his name but his money, the filmmaker has been happy doing whatever he can to
make the play a success in the U.S.. “There are a number of things here and there
that I think in translating it for an American audience needed some small
adjustments,” he says of taking an active role as producer, adding that they
were “very small” changes.

While transferring a Laurence Olivier Award-winning
production to Broadway may hardly seem like a risk, The Play That Goes
 is one of several notable theater productions opening this
spring in the wake of Lin-Manuel Miranda’s Broadway smash Hamilton.
Many new shows, rightfully or not, have been compared to the biographical musical
about Alexander Hamilton since its Broadway debut in August 2015, either as a
failure to achieve the same level of creativity and reach or as success for
continuing that streak of originality and powerful storytelling.

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“It’s a little bit like you can’t win,” Abrams says,
noting that the play is literally not in the same category as Miranda’s
musical. “I would say that it would be unfortunate if something as
genre-defining and groundbreaking and life-changing as Hamilton somehow
meant the death of theater… My feeling with what Lin, Thomas Kail and Alex
Lacamoire did with Hamilton is it reminded us that magic can
happen at the theater. I'm not saying there isn't magic happening elsewhere,
but it was the greatest seismic reminder that you can have an experience that
is literally unforgettable.” And for That Play That Goes Wrong’s
part, Abrams says if audiences like to laugh, then he doesn’t see how
they could go to this play and not have the greatest time. “It’s not trying to
do anything other than touch you in the funniest possible way.”

Perhaps the biggest departure for Abrams is the fact that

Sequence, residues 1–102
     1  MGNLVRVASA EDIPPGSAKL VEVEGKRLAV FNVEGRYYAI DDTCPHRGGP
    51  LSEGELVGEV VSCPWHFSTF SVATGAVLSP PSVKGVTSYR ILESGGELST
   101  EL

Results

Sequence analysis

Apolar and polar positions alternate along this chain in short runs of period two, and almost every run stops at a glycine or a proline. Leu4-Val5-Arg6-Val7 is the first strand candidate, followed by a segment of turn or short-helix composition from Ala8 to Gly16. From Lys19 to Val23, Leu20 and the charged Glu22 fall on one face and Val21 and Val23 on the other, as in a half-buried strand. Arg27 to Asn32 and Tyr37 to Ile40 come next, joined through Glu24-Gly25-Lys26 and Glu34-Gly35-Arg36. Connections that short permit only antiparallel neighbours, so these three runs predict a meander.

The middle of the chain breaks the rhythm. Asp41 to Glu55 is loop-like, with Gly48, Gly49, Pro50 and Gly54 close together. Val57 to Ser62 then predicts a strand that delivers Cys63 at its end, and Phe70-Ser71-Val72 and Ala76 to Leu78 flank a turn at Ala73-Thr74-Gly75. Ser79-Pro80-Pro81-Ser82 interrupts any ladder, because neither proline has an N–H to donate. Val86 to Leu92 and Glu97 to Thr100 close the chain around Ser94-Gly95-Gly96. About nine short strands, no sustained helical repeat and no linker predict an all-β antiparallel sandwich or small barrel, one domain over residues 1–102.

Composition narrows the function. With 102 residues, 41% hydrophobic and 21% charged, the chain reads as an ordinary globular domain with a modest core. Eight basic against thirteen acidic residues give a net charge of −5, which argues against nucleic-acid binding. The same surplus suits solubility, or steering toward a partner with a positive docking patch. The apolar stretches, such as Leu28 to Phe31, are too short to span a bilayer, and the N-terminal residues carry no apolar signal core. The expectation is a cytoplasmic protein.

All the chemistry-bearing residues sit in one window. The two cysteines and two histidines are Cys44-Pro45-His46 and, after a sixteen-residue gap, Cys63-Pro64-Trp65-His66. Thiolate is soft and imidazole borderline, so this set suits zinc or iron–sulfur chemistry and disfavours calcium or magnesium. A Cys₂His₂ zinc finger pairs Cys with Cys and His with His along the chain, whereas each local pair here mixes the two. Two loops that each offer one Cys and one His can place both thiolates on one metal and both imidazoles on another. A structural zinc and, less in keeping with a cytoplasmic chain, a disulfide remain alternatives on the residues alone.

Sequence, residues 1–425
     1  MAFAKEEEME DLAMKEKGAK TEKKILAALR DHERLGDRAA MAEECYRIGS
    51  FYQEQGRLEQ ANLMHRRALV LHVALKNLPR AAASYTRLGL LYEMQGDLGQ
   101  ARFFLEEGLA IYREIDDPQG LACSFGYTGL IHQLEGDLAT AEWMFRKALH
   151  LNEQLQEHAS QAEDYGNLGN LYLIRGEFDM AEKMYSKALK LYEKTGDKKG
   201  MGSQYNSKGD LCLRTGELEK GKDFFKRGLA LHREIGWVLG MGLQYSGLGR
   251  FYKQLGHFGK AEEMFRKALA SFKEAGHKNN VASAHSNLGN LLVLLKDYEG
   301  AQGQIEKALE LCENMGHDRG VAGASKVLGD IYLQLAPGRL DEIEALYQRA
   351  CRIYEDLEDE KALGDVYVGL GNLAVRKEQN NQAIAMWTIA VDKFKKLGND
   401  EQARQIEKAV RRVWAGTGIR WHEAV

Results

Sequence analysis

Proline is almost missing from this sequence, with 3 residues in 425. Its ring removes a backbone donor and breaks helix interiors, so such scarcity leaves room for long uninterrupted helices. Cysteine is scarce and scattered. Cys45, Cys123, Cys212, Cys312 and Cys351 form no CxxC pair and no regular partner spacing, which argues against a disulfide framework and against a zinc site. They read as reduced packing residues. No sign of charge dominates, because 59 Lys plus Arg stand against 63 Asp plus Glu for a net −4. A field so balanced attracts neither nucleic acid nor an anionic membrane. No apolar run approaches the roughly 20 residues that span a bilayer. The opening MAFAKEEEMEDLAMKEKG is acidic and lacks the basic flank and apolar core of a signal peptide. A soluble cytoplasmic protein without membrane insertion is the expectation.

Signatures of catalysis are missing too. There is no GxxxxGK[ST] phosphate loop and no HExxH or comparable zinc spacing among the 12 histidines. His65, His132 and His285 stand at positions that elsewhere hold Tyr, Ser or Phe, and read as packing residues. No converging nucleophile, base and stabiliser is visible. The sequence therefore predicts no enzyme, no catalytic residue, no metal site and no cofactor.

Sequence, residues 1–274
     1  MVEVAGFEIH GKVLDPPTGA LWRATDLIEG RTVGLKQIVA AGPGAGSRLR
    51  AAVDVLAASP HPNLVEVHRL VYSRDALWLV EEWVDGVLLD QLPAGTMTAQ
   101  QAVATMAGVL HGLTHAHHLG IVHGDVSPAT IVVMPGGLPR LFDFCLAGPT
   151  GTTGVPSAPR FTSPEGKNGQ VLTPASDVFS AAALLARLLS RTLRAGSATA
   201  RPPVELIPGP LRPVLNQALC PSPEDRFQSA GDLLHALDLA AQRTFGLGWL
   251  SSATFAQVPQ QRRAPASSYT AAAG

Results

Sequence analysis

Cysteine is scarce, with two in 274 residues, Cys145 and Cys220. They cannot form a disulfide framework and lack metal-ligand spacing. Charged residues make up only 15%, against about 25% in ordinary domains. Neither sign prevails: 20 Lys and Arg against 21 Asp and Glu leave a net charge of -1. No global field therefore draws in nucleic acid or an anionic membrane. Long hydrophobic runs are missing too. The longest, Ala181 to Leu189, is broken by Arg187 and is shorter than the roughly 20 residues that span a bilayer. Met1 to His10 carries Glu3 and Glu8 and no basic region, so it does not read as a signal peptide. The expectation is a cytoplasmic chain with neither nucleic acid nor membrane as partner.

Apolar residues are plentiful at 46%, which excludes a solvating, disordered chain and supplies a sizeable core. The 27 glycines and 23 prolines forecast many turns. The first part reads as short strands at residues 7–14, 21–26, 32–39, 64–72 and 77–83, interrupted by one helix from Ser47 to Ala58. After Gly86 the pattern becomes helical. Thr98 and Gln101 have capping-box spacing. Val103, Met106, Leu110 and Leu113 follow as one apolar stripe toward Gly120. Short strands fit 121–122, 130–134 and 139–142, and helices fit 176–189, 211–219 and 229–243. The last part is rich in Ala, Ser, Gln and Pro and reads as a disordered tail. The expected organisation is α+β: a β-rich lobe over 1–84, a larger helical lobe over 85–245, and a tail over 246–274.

the play is something he describes as a cross between Monty Python and Buster
Keaton. It’s a comedic farce -- a genre far outside of the sci-fi and action
worlds fans have come to know him for. But comedy is something that the
filmmaker says he tries to incorporate into his work, whether it is Mission:
or Star Trek, which includes a “naturally funny” cast, as he puts
it, with John Cho and Simon Pegg. “I’ve always been very interested in getting
involved in comedy,” Abrams says. “This is the first time I’ve been involved in
an overt balls-out comedy.”

Whatever happens onstage, it won’t slow down Abrams’
dream to do more on Broadway. But before audiences start hoping we’ll see Felicity:
the Musical
, he says he hasn’t given any thought to adapting his own work.
Currently in discussions about getting involved with other productions, the
filmmaker hopes to write and direct something, as well as produce a show from
the ground up -- especially after being involved with an existing production
like The Play That Goes Wrong. “[When] I came to this, it was fully
formed and fully developed by this group of really talented actors and
writers,” Abrams says. “They did all the heavy lifting. All I did was
see it and say, ‘If I can help bring it to Broadway, I would love to.’ And
that's what I'm trying to do.”